Belfast, Bosnia, Beirut, and Baghdad, these were the four forbidden B’s of travel only a short generation (an Irish generation) ago. Now, with the exception of Baghdad, they’re wimp central, pussy-whipped by consumerism and funny money into a peace of cake, for an indie traveler at least. Show me a former war zone, and I’ll show you a travel bargain. And I’ve got it pretty good here, too, private room with bunk bed for only $11.
All the cheap flights (in Paris) use Beauvais way out in the suburbs. It takes me €28, but finally I get there, so now the challenge is to get on the plane without paying any baggage charges. Carry-on is limited to one bag at ten kilos, but the main trick is getting it inside their little test rig, which is pretty small. So I wear all the clothes I can wear with pockets fully stuffed, and a little plastic bag of food which will usually pass, but if it doesn’t I’ll toss it. After I get on the plane, of course, the plastic bag gets full fast with all the gadgets and gizmos I’ve stuffed in my pockets.
What Spotify and YouTube are to the current state of the modern music industry, European budget airlines are to the travel industry, destroyer and savior. While internal flights within Africa and elsewhere are sky high, flights out of the UK to much of the rest of the world are dirt cheap.
The effort (to get to Petra, Jordan) can be harrying, not surprising after a year of constant travel. I couldn’t do it without the Net. People ask me where I live and I say “the Net.” It’s true. That’s the little world I carry with me. If I have low prices, good food, and good Internet, then I can live almost anywhere.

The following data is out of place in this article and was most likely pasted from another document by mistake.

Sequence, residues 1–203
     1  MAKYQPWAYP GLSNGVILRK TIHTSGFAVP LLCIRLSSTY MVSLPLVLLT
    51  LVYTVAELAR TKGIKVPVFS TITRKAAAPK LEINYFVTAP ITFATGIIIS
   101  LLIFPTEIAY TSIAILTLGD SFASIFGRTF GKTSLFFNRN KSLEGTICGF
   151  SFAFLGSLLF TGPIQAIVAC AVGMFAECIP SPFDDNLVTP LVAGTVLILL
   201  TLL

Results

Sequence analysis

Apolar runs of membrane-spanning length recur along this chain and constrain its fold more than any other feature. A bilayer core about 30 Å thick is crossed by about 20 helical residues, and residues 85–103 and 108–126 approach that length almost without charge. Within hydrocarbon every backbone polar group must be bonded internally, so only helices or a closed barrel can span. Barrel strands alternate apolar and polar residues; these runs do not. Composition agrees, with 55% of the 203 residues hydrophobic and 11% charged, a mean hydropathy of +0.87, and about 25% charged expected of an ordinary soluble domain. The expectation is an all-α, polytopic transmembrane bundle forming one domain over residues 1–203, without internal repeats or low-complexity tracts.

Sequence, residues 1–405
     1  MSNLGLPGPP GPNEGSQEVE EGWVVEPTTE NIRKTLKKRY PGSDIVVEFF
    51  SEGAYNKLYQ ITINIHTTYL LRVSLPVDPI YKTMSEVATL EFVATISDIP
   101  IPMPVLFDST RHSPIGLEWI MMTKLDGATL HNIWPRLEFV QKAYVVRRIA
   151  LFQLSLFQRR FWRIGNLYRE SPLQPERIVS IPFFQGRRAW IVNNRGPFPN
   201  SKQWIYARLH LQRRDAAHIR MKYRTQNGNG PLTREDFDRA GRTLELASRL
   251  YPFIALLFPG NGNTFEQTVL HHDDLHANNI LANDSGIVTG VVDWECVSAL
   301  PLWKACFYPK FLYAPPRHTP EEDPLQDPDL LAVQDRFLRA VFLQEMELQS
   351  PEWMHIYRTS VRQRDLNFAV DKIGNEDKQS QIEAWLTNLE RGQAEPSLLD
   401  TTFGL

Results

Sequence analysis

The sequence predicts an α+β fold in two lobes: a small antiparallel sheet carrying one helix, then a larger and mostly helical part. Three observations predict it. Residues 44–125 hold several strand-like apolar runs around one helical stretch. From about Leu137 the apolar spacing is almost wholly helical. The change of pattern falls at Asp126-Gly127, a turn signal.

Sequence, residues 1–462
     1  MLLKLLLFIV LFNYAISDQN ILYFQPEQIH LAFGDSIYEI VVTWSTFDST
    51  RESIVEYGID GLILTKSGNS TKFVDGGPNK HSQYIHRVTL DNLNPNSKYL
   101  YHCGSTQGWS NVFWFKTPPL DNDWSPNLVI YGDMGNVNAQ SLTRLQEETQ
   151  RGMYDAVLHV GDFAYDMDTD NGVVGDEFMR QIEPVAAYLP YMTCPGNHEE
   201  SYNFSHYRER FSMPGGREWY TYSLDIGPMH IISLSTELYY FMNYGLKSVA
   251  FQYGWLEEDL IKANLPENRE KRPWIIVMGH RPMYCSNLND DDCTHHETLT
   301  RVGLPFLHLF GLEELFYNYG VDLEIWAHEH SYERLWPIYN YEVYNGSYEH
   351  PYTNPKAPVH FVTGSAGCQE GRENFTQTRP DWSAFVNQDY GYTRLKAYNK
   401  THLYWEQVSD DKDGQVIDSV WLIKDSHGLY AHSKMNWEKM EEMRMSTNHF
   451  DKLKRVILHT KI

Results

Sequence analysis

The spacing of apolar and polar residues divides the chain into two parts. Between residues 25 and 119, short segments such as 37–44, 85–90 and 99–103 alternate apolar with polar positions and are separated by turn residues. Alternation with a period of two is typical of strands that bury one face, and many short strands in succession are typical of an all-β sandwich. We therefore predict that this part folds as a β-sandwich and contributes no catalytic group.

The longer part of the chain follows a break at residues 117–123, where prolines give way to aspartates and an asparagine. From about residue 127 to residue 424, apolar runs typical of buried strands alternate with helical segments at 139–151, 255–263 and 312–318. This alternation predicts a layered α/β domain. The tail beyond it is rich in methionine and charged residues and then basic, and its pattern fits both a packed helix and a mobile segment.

So now I’m in Doha, here because it’s on the map and on the list of UN member countries. That’s the ultimate discipline behind this “every country” plan. Why else would I be here? . . . This is pretty much just a place for immigrant labor to service a bunch of spoiled-brat Gulf princes who lucked out and got born in a place with nothing…but oil and gas.
Places that suck
I catch the ferry to Zanzibar. I had hoped to wax poetic over the “spice island,” Zanzibar, but I can’t, because it sucks. Don’t you wish guidebooks would tell you that? Uncle Hardie will. Djibouti? Sucks. Port-au-Prince? Sucks. Bamako? Sucks. Hey, there’s a pattern forming here. These were all French colonies. No matter, that’s the skinny. I don’t pretend to remain neutral on these. No, they’re pretty bad. But actually, though, Zanzibar is not bad. Zanzibar is sad. It has no electricity, except that which a thousand generators can produce for their own use on their own initiative.
I don’t totally buy into the “famous Turkish hospitality.” For one thing, this only applies to men, not women, who are allowed no contact with strange men whatsoever. For another, these acts of hospitality tend to occur in commercial transactions. There are a lot of words for that besides “hospitality.” When a shoeshine guy sits down and starts shining my shoes ignoring my requests to know the charge in advance, I don’t consider that hospitality.
There is a stari grad, an old town here, with wall and all, just like the textbook model, built to withstand attack. Now they’re just tourist attractions. Who says our lives haven’t gotten better through the course of history? Many do, imagining some romantic past without the Romans, full of fairies and runes and Venus figurines that meant we all loved each other in a perfect state of natural bliss, uh huh.
Mostar shows heavy scars from the war with Serbia of 1992 and the racist policy of “ethnic cleansing.” The irony is that Bosnia and Serbia and Croatia are all the same race, with some notable cultural differences, specifically religion. Most violence is committed within the family, isn’t it? Unfortunately you can’t rebuild history like you can buildings. You’re stuck with the memories, and they die hard. The same is true on a personal level. As I sit soaking up afternoon sun in a Mostar Islamic graveyard I reflect on all the people who have come and gone in my life and wonder why. Then I realize how much time I’ve spent in other countries, a stranger in a strange land, trying to make sense of things back home. Is this what travel ultimately means?